Author Hal Clifford, on why this story needed to be told

May 5, 2004
Outside Magazine
Mountain rescue: life and death on a rescue team

Author Hal Clifford, on why this story needed to be told

"The summer of 1995 will be remembered as one of the most gruesome and difficult seasons in the group's 30 years. Mountain Rescue-Aspen members handled five body recoveries: two climbers who fell from a 14,014-foot North Maroon Peak; a woman who drowned crossing a creek; and a climber who fell from 12,953-foot Mount Sopris. The most frustrating event was a massive, six-week search for a doctor who simply disappeared. His body was ultimately found in the Maroon Bells-Snowmass Wilderness.

"I discovered the Sopris victim and was the first to reach both her and one of the Maroon Peak climbers. After a summer like that, it's fair to say everyone here is looking forward to a quiet winter--if we can get it.

"My motivation for writing this book was to get under the skins of the people who do this extraordinary work. I wanted to understand what makes this group a team. What I've tried to do in The Falling Season is get beyond the 'Rescue 9-1-1' elements of rescue work--although there's plenty of that in here--and into the rescuers' heads. Rescue work is very stressful; it's a place where all pretense is stripped away, and you get very, very raw human interaction. What few people realize is these aren't a bunch of hardbody Lone Rangers; these are ordinary people struggling with egos and feelings, fighting for respect and autonomy, wickedly critical of each other--yet willing to put their life on the line for a fellow team member.

"Mountain Rescue-Aspen has two primary missions:
backcountry search and rescue, and mountain-safety education. The Aspen team is composed of 45 volunteers who carry pagers 24 hours a day and respond to 40-60 calls annually. Drowned kayakers, lost children, climbing accidents and plane wrecks--all merit a call to the Mountain Rescue volunteers. Requirements for membership are pretty lenient: minimum first aid training, backcountry competency, the ability to drop everything at a page, and willingness to spend a lot of time and money doing something for which you will receive no personal thanks (but we do drink a lot of beer after missions!).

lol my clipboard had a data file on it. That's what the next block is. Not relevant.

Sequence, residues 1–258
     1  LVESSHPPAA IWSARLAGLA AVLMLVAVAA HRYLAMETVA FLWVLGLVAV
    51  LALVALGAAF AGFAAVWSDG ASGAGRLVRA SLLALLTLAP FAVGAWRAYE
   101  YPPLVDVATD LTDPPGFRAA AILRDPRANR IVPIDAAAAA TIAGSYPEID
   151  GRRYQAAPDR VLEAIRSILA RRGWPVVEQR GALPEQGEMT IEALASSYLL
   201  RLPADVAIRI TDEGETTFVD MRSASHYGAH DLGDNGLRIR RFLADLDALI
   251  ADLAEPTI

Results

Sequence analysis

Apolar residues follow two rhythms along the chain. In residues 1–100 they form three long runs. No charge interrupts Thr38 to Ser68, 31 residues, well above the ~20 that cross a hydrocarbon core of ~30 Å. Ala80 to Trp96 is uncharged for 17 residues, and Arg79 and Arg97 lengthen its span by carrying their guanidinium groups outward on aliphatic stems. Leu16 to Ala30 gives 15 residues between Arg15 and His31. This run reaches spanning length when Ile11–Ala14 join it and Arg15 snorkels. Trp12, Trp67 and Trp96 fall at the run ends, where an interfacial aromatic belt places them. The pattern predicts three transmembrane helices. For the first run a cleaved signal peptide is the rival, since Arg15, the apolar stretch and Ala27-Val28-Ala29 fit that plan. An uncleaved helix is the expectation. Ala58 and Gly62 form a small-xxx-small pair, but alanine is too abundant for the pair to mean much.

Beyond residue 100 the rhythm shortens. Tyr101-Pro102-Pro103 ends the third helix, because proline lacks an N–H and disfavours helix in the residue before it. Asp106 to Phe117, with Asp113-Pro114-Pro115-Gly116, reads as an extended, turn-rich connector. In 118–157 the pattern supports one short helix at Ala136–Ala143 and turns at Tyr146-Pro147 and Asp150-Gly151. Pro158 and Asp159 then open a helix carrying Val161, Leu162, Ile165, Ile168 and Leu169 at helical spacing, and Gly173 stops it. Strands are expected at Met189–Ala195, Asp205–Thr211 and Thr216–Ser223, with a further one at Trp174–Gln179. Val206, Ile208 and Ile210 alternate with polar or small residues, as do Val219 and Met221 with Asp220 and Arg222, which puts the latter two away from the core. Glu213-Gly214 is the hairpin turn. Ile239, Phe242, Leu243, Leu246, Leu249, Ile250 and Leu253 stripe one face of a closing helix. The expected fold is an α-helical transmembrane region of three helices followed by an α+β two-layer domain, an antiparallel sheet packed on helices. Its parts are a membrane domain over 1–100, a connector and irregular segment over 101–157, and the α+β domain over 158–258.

"The most unexpected element of writing this book--a process that took three years--was finding myself in the position of writing critical things about my friends. As a reporter, I've always tried to operate at arm's-length from my subject. In this project, I had moments where it was very difficult to write the truth as I saw it. To the team's great credit, they let me write this book knowing they wouldn't read--or get to comment on--a word of it until it was published. Their reactions have been interesting. What remains to be seen is who is still my friend--and who isn't."

Hal Clifford writes regularly for Outside, Newsweek, Los Angeles Times, and The New York Times. The former executive editor of the Aspen Daily News, he has lived in Aspen, Colorado for 12 years.

The Falling Season: Inside The Life And Death Drama of Aspen's Mountain Rescue Team, is available at bookstores nationwide. (HarperCollins West, 1995. Hardcover, 265 pages. $20 ($28 Canadian). ISBN No. 0-06-258565-7)

To purchase this book online, place your order at the HarperCollins Publisher Express Order site on the Web.

©2000, Mariah Media Inc.

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